Learning to Fly Again and Again

July 2nd, 2024

The 2024 summer camp season has officially begun. Halfway to camp on Day 1, Eliza suddenly announces she forgot to bring shoes. We turn around.

I painstakingly packed according to the pages-long sanctioned  lists, but neglected to check to see if my kids were wearing shoes when we left the house. We were thus late for our allotted camp drop-off time, but honestly, it didn’t really matter. There was still a long line of parents checking in with their kids. We had to go through the registration line, the lice-check line, and the nurse line before heading up to the cabins that would be their home base for the week.

This is not a sleepover camp. It’s “try me” camp, which means they can sleep over, but they don’t have to. The camp day is quite long even without sleeping over, so they are whipped at the end of the day and excited to come home and “blow out,” which is how we say relax in my house, and it’s an apt descriptor. 


Summer is a scheduling nightmare, and I hate it. I resent that, while summer is my favorite season conceptually, it is also the season I am the very most stressed out, and simultaneously the time of year when the very most things are apt to go wrong — broken arms from indoor parkour, bug bites that turn into infected welts, and sudden surges of anxiety that make camp drop-offs take forever. 

“With all the distractions summertime can bring, it’s no surprise that 41% of full-time employed adults report being less productive during the summer months, according to a recent survey fielded by the Harris Poll.”

I know I know — it’s not always about being productive. But for me, relaxing unproductive layabout time is only pleasing if it means I can daydream, letting my thoughts wander in peripatetic bliss. This is not the way of mothering. Mothering is constant interruptions, the unceasing lobbing of questions, arthritic mom feet being constantly accidentally stamped on by strong young bodies, broken glass requiring thorough cleanup before anyone cuts themself, and the constant, constant sibling squabbles.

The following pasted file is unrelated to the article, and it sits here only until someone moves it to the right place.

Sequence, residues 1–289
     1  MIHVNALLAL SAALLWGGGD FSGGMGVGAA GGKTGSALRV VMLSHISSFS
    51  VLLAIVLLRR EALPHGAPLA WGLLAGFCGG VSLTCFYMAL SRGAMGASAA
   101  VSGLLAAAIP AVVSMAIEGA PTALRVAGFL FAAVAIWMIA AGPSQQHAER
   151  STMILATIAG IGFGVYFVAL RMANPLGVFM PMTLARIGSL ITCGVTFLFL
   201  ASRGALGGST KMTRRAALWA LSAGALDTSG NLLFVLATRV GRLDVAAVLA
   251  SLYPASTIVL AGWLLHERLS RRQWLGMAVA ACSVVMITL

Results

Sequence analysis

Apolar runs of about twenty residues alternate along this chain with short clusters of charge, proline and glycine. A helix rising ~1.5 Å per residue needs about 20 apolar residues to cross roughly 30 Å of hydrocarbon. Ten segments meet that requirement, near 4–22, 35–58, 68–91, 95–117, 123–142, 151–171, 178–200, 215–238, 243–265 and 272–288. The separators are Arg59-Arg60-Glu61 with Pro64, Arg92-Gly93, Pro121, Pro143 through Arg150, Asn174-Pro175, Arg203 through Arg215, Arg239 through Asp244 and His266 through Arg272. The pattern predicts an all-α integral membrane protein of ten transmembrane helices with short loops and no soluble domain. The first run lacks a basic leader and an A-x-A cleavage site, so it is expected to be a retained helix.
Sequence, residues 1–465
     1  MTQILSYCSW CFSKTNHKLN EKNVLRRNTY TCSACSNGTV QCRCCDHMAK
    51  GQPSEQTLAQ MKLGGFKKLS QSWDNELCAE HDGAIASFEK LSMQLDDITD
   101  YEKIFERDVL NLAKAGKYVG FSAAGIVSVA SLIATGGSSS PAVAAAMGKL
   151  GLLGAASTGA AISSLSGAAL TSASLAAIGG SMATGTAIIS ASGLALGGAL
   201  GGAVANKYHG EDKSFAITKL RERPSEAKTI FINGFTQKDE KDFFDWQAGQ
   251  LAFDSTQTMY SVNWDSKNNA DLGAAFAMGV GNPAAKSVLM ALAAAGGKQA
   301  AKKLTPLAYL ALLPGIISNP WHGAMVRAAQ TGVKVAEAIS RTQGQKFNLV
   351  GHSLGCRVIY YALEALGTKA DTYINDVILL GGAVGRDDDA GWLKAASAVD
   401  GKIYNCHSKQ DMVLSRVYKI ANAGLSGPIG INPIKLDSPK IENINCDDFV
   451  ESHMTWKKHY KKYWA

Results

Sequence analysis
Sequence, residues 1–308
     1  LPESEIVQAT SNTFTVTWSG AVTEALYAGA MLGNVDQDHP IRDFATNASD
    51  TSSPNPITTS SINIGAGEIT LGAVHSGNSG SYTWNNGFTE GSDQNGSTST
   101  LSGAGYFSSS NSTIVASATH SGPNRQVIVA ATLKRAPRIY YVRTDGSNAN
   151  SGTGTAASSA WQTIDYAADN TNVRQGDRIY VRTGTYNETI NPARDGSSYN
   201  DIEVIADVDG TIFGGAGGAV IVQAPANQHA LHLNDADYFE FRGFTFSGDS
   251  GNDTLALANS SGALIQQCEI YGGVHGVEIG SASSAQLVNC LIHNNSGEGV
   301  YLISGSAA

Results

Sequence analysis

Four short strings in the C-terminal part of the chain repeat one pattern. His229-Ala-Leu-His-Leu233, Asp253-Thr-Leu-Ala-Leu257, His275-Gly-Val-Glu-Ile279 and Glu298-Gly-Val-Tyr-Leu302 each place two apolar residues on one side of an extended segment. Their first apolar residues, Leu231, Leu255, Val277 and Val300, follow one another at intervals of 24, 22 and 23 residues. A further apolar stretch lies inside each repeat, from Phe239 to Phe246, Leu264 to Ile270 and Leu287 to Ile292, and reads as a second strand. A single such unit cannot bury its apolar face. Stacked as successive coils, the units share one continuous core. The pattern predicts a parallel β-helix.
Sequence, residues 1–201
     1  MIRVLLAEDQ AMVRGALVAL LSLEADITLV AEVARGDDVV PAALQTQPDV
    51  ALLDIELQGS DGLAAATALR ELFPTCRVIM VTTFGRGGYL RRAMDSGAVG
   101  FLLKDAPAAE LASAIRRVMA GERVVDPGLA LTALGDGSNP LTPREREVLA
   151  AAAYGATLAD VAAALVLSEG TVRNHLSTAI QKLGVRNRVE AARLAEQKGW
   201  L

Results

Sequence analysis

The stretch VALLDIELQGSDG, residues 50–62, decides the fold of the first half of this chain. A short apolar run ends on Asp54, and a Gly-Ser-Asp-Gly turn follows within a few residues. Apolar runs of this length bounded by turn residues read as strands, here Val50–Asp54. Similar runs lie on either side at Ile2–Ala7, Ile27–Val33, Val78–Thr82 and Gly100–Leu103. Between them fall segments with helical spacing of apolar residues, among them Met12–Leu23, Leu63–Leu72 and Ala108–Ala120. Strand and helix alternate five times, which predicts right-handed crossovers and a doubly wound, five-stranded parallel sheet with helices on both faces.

Sometimes, though, when they have free time, I see my daughters transform into inventive creators. They’re writing books, building towers, and painstakingly constructing tiny little libraries for their dolls.

Screenshot 2024-07-02 at 10.25.18 AM

It’s true that boredom breeds creativity. This is a parenting philosophy I wholeheartedly support. Unfortunately, it’s not a summer lifestyle that jibes with two working parents and kids who, if left unsupervised, will end up in the ER. So it’s a constant balance.

After camp, in the kitchen, I ask Phoebe about her day. I want details; I hope to live vicariously through my daughters and their magical summer camp experience. I get nothing. But Phoebe, changing the subject immediately, asks me, “Mama, do you have any goals this week?”

I am pleased. My daughter gets me. She knows I am very goal oriented in countless little ways. I light up: “Well yes actually! I am going to try not to buy any groceries this week, but instead work our way through the food we have in the freezer and pantry, and harvest veggies and herbs from our garden. Maybe we can save a little money that way.” [for all these freaking camps, is what I don’t say]

“What about you?” I counter. “Do you have any goals this week?”

“Yes,” she confides.

“Oh cool!” I exclaim. “What’s your goal?”

Phoebe says, “to learn to fly.” 

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